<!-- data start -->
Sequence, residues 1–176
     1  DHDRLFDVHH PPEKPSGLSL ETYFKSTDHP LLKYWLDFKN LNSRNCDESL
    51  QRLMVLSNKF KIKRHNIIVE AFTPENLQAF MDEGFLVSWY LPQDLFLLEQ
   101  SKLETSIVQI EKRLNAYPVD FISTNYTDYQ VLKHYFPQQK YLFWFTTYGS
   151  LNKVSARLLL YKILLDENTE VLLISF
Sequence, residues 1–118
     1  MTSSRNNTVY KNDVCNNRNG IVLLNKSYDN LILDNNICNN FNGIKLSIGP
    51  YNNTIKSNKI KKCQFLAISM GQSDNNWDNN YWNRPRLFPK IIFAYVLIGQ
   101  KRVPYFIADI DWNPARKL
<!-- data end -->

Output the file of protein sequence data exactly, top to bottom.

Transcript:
Sequence, residues 1–176
     1  DHDRLFDVHH PPEKPSGLSL ETYFKSTDHP LLKYWLDFKN LNSRNCDESL
    51  QRLMVLSNKF KIKRHNIIVE AFTPENLQAF MDEGFLVSWY LPQDLFLLEQ
   101  SKLETSIVQI EKRLNAYPVD FISTNYTDYQ VLKHYFPQQK YLFWFTTYGS
   151  LNKVSARLLL YKILLDENTE VLLISF
Sequence, residues 1–118
     1  MTSSRNNTVY KNDVCNNRNG IVLLNKSYDN LILDNNICNN FNGIKLSIGP
    51  YNNTIKSNKI KKCQFLAISM GQSDNNWDNN YWNRPRLFPK IIFAYVLIGQ
   101  KRVPYFIADI DWNPARKL